“Butler Preserve is 300 acres of forest and crags. Part of greenway connecting 6 parks and preserves.”
— Rob Cummings
Birding · Fall Colors · Views · Wildlife
This run is a meandering route around the various trails at the Butler Preserve. The run has a variety of terrain, and both climbs and descend throughout the park. Taking the full loop is a great way to get out for longer outings, and to see the whole park, but you can make you own loop option easily.
This trail system connects with Merestead in the west and across the I-684 bridge it connects with Westmoreland Sanctuary
and the Fox Lane High School/Middle School Campus for extended runs.
The route begins at the Lake Bridge Road trailhead and begins on the Orange Trail
. This will take you to the eastern border of the park, and you'll continue here for about a mile until this trail meets with the Red Trail
From the junction with the Red Trail
, continue to head around the perimeter of the park. The Red Trail
defines the northern border of the park, before turning back south and joining the Yellow Trail
to head south again.
There will be an offshoot for the Orange Trail - South
branch, which will add on a little more distance for the first return to the trailhead. This branch meets back up with the Yellow Trail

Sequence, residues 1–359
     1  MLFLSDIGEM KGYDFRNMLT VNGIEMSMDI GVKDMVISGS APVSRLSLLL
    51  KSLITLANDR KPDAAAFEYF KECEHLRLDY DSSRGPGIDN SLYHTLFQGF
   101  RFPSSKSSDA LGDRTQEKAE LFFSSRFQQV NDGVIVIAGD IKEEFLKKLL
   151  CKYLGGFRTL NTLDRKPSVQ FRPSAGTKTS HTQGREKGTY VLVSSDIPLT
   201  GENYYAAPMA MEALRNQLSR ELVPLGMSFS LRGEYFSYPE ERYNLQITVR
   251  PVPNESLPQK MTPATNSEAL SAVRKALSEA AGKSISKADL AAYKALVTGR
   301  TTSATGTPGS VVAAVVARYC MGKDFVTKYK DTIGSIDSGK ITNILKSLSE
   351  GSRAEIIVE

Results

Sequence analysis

after a short distance.
After returning to the trailhead area, take on of two trails the cut through the middle of the park. Both the Red Trail
and the Blue Trail
terminate in the northeast corner of the park, so take one on your way to the north end, and cruise down the other on your way back to the car.
History & Background
The Butler Preserve was the first preserve donated to the Nature Conservancy. It has 300+ acres and is bounded by interstate 684 on the east and Merestead Park to the west. The southern border is the Mt. Kisco watershed land, which surrounds Byram Lake. To the north are large estates.
The preserve features the well known "Hawk Watch" complete with bleachers and a raptor silhouette chart. The trails are hilly and challenging. Part of the trail goes right over the border between the Hudson River watershed and the Long Island Sound watershed's northernmost headwaters. This is sort of the Westchester County equivalent of the Continental Divide.